I am surprised your friends are paying thousands. Did they use English speaking lawyers? I looked into that but couldn't afford it! I haven't included my ex's costs, but my half of the divorce is 800E all in. The downside is that it is very slow!!


(Andrew Hearne) #10

Mine cost somewhere around the 1000 pound mark in the uk but there were no kids involved so things were very easy, french friends who got divorced here explained that even if it’s amicable it costs several thousand euros min but Christine’s obviously come up with some very sound comments


(Christine Foster) #11

I am in the same situation, married in '97, both English, living in France, and separated. It is much slower, but cheaper to get divorced in France. Equally, you have more security because the decisions made by the court in the UK (regarding assets and childcare) are not recognised in France. You will be legally divorced in months in the UK, compared to abt 2 years in France, but if you have disputes later on you will not be able to get any legal help, in either the UK or France to sort the problem out. I advise that even the most amicable of divorces need the settlements and custody arrangments to be legally binding because, from my own personal experience of divorce, amicable can out the window quite quickly later on when either you or your husband get a new partner. Hope this helps.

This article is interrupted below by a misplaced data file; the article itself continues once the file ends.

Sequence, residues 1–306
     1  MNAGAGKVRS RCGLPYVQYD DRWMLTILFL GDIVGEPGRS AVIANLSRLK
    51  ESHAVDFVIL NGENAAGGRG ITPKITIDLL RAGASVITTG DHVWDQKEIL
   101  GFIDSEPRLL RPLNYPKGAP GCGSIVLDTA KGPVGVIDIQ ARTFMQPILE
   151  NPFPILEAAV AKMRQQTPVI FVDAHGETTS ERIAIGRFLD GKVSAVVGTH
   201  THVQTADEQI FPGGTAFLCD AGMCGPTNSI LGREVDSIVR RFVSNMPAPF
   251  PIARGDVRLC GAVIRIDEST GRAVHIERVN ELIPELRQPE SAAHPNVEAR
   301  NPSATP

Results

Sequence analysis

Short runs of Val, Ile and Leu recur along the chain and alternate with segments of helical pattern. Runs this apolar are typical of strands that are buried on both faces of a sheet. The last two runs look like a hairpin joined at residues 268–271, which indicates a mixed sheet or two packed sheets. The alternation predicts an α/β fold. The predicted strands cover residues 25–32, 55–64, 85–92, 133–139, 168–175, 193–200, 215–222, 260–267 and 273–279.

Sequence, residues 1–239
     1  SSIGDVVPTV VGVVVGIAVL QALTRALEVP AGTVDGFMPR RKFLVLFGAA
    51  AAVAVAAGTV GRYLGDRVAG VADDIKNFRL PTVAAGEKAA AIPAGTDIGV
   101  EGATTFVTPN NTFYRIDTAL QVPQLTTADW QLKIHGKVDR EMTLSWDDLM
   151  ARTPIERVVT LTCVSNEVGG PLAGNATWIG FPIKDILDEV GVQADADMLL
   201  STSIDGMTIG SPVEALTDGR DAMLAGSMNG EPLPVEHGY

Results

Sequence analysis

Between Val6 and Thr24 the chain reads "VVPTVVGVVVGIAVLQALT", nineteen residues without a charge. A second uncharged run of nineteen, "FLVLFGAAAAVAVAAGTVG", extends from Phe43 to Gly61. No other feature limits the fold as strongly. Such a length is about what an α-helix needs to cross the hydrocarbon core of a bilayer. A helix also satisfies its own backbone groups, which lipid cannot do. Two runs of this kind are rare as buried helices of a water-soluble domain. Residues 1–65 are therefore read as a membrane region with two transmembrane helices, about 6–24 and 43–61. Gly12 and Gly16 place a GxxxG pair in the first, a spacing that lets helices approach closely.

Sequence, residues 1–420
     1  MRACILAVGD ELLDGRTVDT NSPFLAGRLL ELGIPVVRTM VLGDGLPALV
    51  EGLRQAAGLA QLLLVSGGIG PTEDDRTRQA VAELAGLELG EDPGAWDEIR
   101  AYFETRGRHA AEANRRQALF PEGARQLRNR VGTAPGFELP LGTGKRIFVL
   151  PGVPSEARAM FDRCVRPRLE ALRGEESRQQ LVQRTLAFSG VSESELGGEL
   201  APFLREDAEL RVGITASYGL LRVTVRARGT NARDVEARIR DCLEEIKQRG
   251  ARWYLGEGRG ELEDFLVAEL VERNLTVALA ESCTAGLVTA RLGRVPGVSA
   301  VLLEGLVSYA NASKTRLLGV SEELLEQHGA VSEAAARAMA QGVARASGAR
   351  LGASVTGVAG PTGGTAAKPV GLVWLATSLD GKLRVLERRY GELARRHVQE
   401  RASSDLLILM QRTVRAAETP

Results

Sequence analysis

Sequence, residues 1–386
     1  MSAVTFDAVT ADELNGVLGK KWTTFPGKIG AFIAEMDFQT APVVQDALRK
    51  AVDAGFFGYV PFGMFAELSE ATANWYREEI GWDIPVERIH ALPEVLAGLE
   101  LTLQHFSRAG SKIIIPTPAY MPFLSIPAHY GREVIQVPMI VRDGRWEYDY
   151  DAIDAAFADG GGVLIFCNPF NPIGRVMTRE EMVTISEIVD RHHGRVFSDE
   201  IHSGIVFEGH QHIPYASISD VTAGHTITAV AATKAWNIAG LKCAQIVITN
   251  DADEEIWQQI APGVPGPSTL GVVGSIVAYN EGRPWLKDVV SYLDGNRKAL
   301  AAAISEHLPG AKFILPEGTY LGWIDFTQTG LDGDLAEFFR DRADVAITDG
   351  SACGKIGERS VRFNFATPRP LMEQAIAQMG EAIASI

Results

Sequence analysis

(Andrew Hearne) #12

I think you'll find it far cheaper, if it's amicable, in the UK. But have a look at the other thread as Catharine said there's loads of advice.


(Catharine Higginson) #13

Hi Sarah

I would also read the thread started by Gillian King on the same subject - loads of replies and advice. Cx